Galena Prepares for Flooding as Yukon River Ice Remains Jammed

National Weather Service staff are in Galena monitoring rising Yukon river water and conducting fly overs to check on one particular jam. At 9 pm  this (Sunday) evening, NWS hydrologist Ed Plumb said twenty miles down river from Galena ice is hung up at a notorious spot for jamming called Bishop’s Rock. Plumb says the river makes a tight bend and ice gets stuck there. He says it’s not just broken ice floating down that is catching. There is still solid river ice.

“Right at Bishop Rock there is in place ice from the winter that hasn’t moved yet, so there is a sheet about two miles long that extends upstream from Bishop Rock and above that all the ice that’s been running down the Yukon river is hung up at that point and it’s backing up. That’s about 18 miles down river from Galena and the ice is stopped here in Galena so the ice is all packed up all the way to the back of that sheet of ice and has stopped the ice from moving in the river and it’s all packed together really tight, as far as we could see above Galena.”

Plumb said the water crept up throughout the day, rising 15 feet between Sunday morning and evening.

“There is water going over the bank here in Galena and it’s starting to fill in a bunch of the old sloughs and go over several roads along the river and there are some houses and structures near the river, in Galena that have water up to them and around them.”

Greg Moyer is the interim city manager for Galena. He said he watched the water rise all day today, (Sunday). Moyer says the main road is eroding and some pipes have been exposed.

“We have opened up a shelter in town at the high school for our elders and others that want to spend the night there. But it is a wait and see game right now to see when that ice jam is gonna break.”

Plumb says two miles above Bishop’s Rock the water levels are so low, sand bars are showing.

 “All that water’s being backed up farther up river and there doesn’t appear to be enough water pressure or enough water in the river to lift that ice at this point and get it moving and spit it past Bishop’s Rock.” 

Plumb said break up is running at least two weeks later than normal. He said in Kuyokuk, the river ice is still frozen with no cracks showing. He said residents there are also concerned about flooding. Plumb says flying toward Galena this (Sunday) morning, he observed Yukon ice far up river from Galena.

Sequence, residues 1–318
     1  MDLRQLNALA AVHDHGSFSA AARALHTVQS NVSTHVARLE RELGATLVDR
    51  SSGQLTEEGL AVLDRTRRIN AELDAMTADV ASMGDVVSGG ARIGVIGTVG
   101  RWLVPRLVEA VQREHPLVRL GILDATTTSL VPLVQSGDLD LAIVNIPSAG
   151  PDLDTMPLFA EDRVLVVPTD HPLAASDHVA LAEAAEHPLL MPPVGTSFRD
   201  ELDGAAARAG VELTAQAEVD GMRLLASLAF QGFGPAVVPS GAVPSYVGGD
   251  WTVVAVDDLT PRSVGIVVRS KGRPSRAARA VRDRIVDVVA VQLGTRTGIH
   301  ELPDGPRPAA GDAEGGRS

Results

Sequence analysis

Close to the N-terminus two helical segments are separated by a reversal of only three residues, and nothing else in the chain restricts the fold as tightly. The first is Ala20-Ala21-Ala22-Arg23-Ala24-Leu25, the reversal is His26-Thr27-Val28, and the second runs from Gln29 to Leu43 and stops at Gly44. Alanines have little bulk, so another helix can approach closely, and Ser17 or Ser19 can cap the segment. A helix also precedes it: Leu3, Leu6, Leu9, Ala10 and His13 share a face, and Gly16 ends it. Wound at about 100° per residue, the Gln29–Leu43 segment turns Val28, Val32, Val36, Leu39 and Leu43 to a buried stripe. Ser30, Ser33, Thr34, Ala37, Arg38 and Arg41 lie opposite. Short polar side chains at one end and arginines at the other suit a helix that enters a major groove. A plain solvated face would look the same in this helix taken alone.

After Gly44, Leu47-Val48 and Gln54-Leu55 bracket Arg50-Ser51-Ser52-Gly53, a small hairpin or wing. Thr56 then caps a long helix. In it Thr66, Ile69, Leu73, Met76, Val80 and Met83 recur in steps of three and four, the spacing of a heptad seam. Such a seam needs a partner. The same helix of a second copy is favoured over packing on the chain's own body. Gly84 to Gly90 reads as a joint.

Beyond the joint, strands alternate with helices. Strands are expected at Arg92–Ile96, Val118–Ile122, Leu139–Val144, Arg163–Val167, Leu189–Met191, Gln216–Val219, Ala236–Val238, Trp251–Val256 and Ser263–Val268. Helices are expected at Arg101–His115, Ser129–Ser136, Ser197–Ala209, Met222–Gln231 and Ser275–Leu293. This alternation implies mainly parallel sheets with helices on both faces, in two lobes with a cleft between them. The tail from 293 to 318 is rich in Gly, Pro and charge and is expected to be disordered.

“And that was a continuous bank to bank flow from Ruby all the way to Galena to where the ice jam is, so there’s a lot of ice upriver and that’s about a 70 mile stretch of ice.”

Plumb says because break up is so late, rapid warming is a big concern. He said temperatures in Galena and Kuyukok were in the 70s today (Sunday).



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Lori Townsend is the News Director for the Alaska Public Radio Network. She got her start in broadcasting at the age of 11 as the park announcer of the fast pitch baseball games in Deer Park, Wisconsin. She has worked in print and broadcast journalism for more than 24 years. She was the co-founder and former Editor of Northern Aspects, a magazine featuring northern Wisconsin writers and artists. She worked for 7 years at tribal station WOJB on the Lac Courte Oreilles Ojibway Reservation in Wisconsin, first as an on-air programmer and special projects producer and eventually News Director. In 1997 she co-hosted a continuing Saturday afternoon public affairs talk program on station KSTP in St. Paul, Minnesota. Radio brought her to Alaska where she worked as a broadcast trainer for Native fellowship students at Koahnic Broadcasting. Following her work there, she helped co-found the non-profit broadcast company Native Voice Communications. NVC created the award-winning Independent Native News as well as producing many other documentaries and productions. Townsend was NVC’s technical trainer and assistant producer of INN. Through her freelance work, she has produced news and feature stories nationally and internationally for Independent Native News, National Native News, NPR , Pacifica, Monitor Radio, Radio Netherlands and AIROS. Her print work and interviews have been published in News from Indian Country, Yakama Nation Review and other publications. Ms. Townsend has also worked as a broadcast trainer for the Native American Journalist’s Association and with NPR’s Doug Mitchell and as a freelance editor. Townsend is the recipient of numerous awards for her work from the Alaska Press Club, the Native American Journalists Association and a gold and a silver reel award from the National Federation of Community Broadcasters. Townsend was the recipient of a Fellowship at the Metcalf Institute for Marine and Environmental Reporting in Rhode Island as well as a fellowship at the Knight Digital Media Center in Berkeley. She is an avid reader, a rabid gardener and counts water skiing, training horses, diving and a welding certification among her past and current interests. ltownsend (at) alaskapublic (dot) org  |  907.550.8452 | About Lori